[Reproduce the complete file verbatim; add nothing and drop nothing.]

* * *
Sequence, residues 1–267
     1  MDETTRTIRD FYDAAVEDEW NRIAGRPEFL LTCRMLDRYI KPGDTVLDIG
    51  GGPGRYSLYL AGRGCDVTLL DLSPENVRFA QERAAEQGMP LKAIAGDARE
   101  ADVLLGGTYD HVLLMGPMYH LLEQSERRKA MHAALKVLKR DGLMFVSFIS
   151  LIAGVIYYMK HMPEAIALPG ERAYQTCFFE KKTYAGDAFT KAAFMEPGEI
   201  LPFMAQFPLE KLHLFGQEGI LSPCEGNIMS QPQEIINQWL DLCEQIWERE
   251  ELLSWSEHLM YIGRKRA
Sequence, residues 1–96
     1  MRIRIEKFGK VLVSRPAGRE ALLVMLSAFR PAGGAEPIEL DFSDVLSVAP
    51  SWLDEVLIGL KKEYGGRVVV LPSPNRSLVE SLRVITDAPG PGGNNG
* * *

Sequence, residues 1–267
     1  MDETTRTIRD FYDAAVEDEW NRIAGRPEFL LTCRMLDRYI KPGDTVLDIG
    51  GGPGRYSLYL AGRGCDVTLL DLSPENVRFA QERAAEQGMP LKAIAGDARE
   101  ADVLLGGTYD HVLLMGPMYH LLEQSERRKA MHAALKVLKR DGLMFVSFIS
   151  LIAGVIYYMK HMPEAIALPG ERAYQTCFFE KKTYAGDAFT KAAFMEPGEI
   201  LPFMAQFPLE KLHLFGQEGI LSPCEGNIMS QPQEIINQWL DLCEQIWERE
   251  ELLSWSEHLM YIGRKRA
Sequence, residues 1–96
     1  MRIRIEKFGK VLVSRPAGRE ALLVMLSAFR PAGGAEPIEL DFSDVLSVAP
    51  SWLDEVLIGL KKEYGGRVVV LPSPNRSLVE SLRVITDAPG PGGNNG